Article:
Spoiling the grandchildren? Could you be damaging their health?

Grandparents giving sweets bad for their health Silver Magazine www.silvermagazine.co.uk

We all know what fun a visit to grannie and grandad’s should be for grandchildren – a chance to be naughty, break the rules, and eat loads of sweets! But could this be raising their risk of cancer in later life? Tabatha Fabray investigates…

A recent study from the University of Glasgow published in PLOS One Journal has found that this behaviour by grandparents can have an adverse effect on their grandchildren, concerning both their diet and weight, although it’s clear that nobody means any harm.

Children, when under the care of their grandparents, consumed too many high sugar and high fat foods

The study’s lead author, Dr Stephanie Chambers, explains, “While the results of this review show that behaviour such as exposure to smoking and regularly ‘treating’ children increases cancer risks as children grow into adulthood, it is also clear from the evidence that these risks are unintentional.

“Currently grandparents are not the focus of public health messaging, and in light of the evidence from this study, perhaps this is something that needs to change given the prominent role grandparents now play in the lives of children.”

Findings showed that children, when under the care of their grandparents, consumed too many high sugar and high fat foods, took part in insufficient physical activity, and in some cases were exposed to passive smoking on a regular basis.

Changing roles means changing behaviour

Traditionally a grandparent’s accepted role has been to be the fun one. To shower their grandchildren with both love and affection, and a large dose of sugar for good measure! A weekend treat – a visit to grandparent’s house was a time to be spoilt and indulge in foods that your parents would never dream of giving you.

But times have changed.

Rising childcare costs, fears over job security, high living costs and an increase in the number of single parent families have resulted in a record number of grandparents looking after their grandchildren on a regular basis. According to a study by Grandparents Plus, 93% of families rely on grandparents for help with childcare.

93% of families rely on grandparents for help with childcare.

With grandparents taking on a secondary, and in some cases even a primary care giver role, the roles and boundaries are becoming blurred.

Expectation versus reality on both sides is an issue. With parents expecting their rules and values to be strictly adhered to and grandparents struggling with their new role as a disciplinarian, but wanting to avoid conflict or confrontation with both their own children and their grandchildren.

The National Obesity Forum also explains how today’s grandparents are “struggling with manipulative and increasingly savvy grandchildren” who know how to push their grandparents’ buttons and often throw tantrums until they get exactly what they want.

Being positive

On a more positive note the study showed that grandparents who are actively involved and present with their grandchildren improve their overall emotional wellbeing; which in today’s society where mental health issues in young people is so prevalent is of vital importance.

So how can you, as a grandparent, help contribute to keeping your grandchildren fit and healthy? Here’s five easy ways you can make a difference whilst still being their favourite granny or grandad!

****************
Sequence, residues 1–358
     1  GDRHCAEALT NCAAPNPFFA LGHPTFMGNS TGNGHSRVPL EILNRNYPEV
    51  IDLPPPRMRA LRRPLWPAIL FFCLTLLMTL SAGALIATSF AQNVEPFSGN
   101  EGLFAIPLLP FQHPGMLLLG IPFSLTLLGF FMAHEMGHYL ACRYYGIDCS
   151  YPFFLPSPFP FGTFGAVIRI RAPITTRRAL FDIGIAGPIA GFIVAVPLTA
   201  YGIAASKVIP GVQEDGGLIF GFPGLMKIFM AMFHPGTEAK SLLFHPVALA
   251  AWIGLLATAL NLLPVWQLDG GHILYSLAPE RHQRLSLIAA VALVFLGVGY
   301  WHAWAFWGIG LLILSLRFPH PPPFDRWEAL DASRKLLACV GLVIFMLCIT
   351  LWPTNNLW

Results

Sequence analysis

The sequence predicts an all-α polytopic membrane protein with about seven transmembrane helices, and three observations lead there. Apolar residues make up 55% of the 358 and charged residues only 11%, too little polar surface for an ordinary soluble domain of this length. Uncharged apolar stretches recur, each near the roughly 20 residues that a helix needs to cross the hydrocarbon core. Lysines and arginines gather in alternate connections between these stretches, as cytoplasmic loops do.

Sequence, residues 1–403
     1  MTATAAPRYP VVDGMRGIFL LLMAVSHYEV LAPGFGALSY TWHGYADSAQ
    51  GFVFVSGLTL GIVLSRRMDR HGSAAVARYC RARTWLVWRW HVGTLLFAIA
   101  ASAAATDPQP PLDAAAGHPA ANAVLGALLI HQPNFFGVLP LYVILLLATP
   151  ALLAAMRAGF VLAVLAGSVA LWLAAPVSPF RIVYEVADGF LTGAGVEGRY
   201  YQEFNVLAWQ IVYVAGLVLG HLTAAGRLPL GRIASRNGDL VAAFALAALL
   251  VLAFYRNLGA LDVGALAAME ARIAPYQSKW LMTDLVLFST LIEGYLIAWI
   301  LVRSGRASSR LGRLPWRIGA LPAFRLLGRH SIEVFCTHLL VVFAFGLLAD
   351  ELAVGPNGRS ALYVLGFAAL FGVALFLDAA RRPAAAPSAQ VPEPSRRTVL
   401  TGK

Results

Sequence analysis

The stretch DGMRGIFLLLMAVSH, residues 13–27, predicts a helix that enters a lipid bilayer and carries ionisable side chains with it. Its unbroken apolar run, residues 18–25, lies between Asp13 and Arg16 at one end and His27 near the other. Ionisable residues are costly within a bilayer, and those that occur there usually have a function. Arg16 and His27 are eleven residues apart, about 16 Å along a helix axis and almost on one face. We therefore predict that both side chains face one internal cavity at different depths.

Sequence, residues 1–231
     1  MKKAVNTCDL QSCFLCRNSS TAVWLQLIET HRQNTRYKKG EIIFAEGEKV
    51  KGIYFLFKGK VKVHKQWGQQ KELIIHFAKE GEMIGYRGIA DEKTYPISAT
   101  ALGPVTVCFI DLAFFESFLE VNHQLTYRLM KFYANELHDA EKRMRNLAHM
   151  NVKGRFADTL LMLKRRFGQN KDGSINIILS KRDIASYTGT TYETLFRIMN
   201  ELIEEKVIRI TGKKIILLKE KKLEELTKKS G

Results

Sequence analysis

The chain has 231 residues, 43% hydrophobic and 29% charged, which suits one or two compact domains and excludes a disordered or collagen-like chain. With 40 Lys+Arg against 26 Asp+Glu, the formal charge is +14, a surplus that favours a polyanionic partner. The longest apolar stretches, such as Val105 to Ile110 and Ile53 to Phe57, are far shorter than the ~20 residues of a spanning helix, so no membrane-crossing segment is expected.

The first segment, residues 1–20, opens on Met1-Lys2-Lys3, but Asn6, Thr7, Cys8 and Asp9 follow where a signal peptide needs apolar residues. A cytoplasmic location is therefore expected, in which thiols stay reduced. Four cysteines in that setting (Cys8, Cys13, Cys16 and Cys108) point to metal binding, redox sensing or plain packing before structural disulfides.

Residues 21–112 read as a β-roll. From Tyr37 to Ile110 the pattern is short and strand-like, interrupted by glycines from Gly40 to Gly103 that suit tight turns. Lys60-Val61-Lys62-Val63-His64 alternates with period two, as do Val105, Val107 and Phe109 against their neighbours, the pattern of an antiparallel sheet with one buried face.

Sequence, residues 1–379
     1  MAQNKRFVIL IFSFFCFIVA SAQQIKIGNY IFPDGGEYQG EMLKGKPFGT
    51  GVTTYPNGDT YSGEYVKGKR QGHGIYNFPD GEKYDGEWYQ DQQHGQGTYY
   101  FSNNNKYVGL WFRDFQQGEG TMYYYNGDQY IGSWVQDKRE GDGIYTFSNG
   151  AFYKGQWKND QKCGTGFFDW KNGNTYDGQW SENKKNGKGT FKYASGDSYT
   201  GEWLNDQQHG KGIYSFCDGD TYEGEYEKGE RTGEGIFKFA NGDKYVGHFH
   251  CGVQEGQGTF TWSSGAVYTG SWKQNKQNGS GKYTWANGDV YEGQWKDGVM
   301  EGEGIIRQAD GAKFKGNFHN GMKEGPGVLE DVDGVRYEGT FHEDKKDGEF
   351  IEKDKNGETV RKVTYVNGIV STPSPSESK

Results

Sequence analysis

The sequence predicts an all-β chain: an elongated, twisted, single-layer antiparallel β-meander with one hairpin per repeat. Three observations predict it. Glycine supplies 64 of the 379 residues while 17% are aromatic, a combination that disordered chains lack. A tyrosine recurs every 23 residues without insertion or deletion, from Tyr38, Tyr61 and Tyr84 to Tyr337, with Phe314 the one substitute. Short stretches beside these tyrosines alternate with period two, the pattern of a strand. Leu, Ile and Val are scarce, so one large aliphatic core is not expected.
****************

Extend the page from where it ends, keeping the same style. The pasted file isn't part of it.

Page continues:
1. Get them involved in preparing their meals and snacks

This will help them connect with what they are eating, help them discover new foods and make them feel trusted and more grown up. NHS Choices is a great source for tips on healthy eating specifically aimed at children.  And it’s fun to do with them. Get messy, it’s good for the soul.

  1. Limit TV

Saying no to the television and other electronic devices may seem like an impossible task but if you prepare a selection of fun indoor games such as board games, hide and seek or arts and crafts, they could be persuaded to put down their beloved technology without a full on meltdown. Perhaps offer some negotiation rather than an outright ban.

  1. Do not smoke inside

If you are a smoker, ideally you should try and not smoke at all when you are caring for your grandchildren. However if this is not possible, ensure you go outside to smoke away from them as passive smoking is incredibly damaging to young children.

  1. Resolve to get outside for at least an hour a day

Children should be getting at least one hour of physical activity a day so make it your aim to get outside with them; the fresh air will do you and them the world of good. Alternatively find out about local playgroups in your area with Sure Start; this government funded service offers free advice, support and weekly playgroups across the U.K.

  1. Get involved

The report concluded that grandparents should now be included in government advice and support campaigns for raising children as they are playing an increased and vital role in the next generation’s future. Surely this can only be a good thing for all parties involved?

Grandfather walking with granddaughter Silver Magazine www.silvermagazine.co.uk

Are you struggling with the childcare of your grandchildren?

Do you need financial advice on what you are entitled to as a care giver?

Does your child have unrealistic expectations of your role as a grandparent?

GrandparentPlus is a service specifically created to give a voice to grandparents across the UK and offers free and unbiased support.

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